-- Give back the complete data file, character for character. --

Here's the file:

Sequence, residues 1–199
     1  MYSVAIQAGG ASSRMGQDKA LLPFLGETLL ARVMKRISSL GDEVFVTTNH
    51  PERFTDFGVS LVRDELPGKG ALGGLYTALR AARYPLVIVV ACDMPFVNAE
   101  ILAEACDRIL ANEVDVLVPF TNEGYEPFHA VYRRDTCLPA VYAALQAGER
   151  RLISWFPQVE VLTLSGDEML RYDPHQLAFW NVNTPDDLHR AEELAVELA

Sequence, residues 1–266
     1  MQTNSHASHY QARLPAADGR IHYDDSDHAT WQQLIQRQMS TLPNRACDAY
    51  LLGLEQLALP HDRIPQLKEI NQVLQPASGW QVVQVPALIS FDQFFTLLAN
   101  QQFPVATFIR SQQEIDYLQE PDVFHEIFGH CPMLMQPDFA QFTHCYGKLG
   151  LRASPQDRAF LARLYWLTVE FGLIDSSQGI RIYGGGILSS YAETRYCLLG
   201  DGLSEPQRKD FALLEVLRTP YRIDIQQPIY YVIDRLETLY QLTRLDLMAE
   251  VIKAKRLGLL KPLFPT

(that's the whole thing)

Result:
Sequence, residues 1–199
     1  MYSVAIQAGG ASSRMGQDKA LLPFLGETLL ARVMKRISSL GDEVFVTTNH
    51  PERFTDFGVS LVRDELPGKG ALGGLYTALR AARYPLVIVV ACDMPFVNAE
   101  ILAEACDRIL ANEVDVLVPF TNEGYEPFHA VYRRDTCLPA VYAALQAGER
   151  RLISWFPQVE VLTLSGDEML RYDPHQLAFW NVNTPDDLHR AEELAVELA

Sequence, residues 1–266
     1  MQTNSHASHY QARLPAADGR IHYDDSDHAT WQQLIQRQMS TLPNRACDAY
    51  LLGLEQLALP HDRIPQLKEI NQVLQPASGW QVVQVPALIS FDQFFTLLAN
   101  QQFPVATFIR SQQEIDYLQE PDVFHEIFGH CPMLMQPDFA QFTHCYGKLG
   151  LRASPQDRAF LARLYWLTVE FGLIDSSQGI RIYGGGILSS YAETRYCLLG
   201  DGLSEPQRKD FALLEVLRTP YRIDIQQPIY YVIDRLETLY QLTRLDLMAE
   251  VIKAKRLGLL KPLFPT